Biotech proponents are using a new scientific study - which finds no evidence of DNA contamination from genetically modified (GM) maize in one area of one Mexican state (Oaxaca) - to claim that Mexico's native maize was never threatened, and even if it was at one time, the issue has now miraculously evaporated. One representative of agribusiness in Mexico, eagerly concluded that, "this study paves the way for the commercial planting of GM maize in Mexico."(1)
According to Silvia Ribeiro of ETC Group in Mexico: "It's no surprise that the industry is using the findings to serve its own interests - as 'proof' that contamination no longer exists and that GM crops should have free reign everywhere, even in the South's centers of crop genetic diversity. Indigenous and farming communities vigorously disagree with the biotech industry's self-serving interpretation of the study."
According to peasant communities in Oaxaca, the new findings are not terribly surprising. Baldemar Mendoza of UNOSJO (Union of Organisations of the Sierra Juarez of Oaxaca) - who lives in the region covered by the new study - said, "We took samples in 3 of the 18 communities that the new report mentions (San Juan Ev. Analco, Ixtlan and Santa Maria Jaltianguis) and our results were also negative in those three communities." Mendoza points out that the geographic area sampled by the new study is small and the 18 communities are predominantly forest communities, which means that their main activity is not planting maize. Mendoza also points out, "The new study doesn't refer to any other part of Mexico where contamination has been found but some in the media are already making the false claim that 'there is no contamination in the whole state of Oaxaca or even all of Southern Mexico.'"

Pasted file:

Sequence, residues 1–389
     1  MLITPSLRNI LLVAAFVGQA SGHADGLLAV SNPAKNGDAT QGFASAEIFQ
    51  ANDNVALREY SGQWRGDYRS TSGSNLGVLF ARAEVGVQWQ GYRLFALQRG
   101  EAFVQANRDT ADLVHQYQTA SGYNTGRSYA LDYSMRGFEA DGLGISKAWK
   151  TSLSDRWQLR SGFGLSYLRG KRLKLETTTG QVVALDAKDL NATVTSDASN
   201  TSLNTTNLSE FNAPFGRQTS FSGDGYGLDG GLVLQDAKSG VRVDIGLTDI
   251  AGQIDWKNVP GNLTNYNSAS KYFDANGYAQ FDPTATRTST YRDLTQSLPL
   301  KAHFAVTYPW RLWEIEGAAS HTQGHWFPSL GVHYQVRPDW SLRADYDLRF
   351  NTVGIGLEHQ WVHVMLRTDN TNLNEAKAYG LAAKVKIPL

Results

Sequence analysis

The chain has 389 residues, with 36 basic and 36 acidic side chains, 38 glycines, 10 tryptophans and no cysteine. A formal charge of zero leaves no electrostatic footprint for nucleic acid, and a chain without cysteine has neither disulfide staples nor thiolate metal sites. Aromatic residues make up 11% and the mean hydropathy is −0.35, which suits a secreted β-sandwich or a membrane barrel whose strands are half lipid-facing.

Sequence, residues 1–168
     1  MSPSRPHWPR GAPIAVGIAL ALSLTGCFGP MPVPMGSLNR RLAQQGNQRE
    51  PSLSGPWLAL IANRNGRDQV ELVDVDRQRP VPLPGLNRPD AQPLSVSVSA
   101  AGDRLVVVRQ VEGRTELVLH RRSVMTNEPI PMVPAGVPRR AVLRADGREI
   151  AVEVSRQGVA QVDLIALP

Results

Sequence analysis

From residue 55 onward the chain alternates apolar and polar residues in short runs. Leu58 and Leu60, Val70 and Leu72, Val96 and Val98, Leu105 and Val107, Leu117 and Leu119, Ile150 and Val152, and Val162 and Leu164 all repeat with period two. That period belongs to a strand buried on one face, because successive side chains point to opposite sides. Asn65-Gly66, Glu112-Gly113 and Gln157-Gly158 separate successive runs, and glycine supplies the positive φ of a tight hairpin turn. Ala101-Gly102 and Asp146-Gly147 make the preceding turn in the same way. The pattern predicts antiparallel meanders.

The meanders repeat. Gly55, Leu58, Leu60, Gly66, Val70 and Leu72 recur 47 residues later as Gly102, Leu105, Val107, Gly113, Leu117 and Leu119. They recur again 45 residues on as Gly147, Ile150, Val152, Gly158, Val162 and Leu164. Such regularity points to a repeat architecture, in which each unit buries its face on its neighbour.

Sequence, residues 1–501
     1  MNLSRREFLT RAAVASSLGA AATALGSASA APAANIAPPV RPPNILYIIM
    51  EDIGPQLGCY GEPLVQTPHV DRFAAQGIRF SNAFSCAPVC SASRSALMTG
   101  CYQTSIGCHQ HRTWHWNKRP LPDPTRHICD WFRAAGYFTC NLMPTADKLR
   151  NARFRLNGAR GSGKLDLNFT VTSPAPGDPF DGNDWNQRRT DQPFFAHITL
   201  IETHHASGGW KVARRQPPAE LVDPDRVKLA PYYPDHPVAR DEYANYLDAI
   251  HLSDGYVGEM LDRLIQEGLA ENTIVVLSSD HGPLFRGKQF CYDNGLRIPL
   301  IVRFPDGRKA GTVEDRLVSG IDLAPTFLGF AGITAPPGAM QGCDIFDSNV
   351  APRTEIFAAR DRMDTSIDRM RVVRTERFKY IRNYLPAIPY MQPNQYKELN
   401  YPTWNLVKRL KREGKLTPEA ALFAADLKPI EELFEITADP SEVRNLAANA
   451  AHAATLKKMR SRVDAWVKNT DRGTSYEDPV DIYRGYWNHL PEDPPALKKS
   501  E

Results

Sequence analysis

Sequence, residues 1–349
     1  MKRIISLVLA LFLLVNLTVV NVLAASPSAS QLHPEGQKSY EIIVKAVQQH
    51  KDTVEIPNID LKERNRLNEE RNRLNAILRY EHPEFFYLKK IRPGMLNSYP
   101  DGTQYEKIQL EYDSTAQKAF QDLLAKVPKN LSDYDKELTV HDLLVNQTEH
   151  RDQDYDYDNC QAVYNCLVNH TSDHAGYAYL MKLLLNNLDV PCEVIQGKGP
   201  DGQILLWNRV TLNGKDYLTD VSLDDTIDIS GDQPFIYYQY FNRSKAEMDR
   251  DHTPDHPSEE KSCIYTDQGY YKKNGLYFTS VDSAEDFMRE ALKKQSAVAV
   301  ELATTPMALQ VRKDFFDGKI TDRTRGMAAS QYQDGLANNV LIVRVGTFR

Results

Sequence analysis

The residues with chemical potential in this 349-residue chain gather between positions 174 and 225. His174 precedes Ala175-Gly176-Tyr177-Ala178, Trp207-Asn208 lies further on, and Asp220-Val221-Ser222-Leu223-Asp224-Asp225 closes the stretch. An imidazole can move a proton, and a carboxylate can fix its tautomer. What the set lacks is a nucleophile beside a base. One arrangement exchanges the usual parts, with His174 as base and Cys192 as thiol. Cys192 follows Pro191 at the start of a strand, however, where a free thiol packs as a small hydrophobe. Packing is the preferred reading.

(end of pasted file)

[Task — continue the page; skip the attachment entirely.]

Four years ago the Mexican government first verified that GM maize had contaminated native maize grown and developed by indigenous farmers in at least two Mexican states - including Oaxaca and Puebla. It has been illegal to plant GM maize in Mexico (either for research or commercial plantings) since 1999. The contamination most likely came about after peasant farmers unknowingly planted a small percentage of imported maize (intended for feed - not for seed). Evidence of contamination was confirmed by subsequent studies and has been widely acknowledged. Indigenous peoples, peasant farmers and civil society have sharply criticized the lack of government efforts to prevent GM contamination and protect native maize.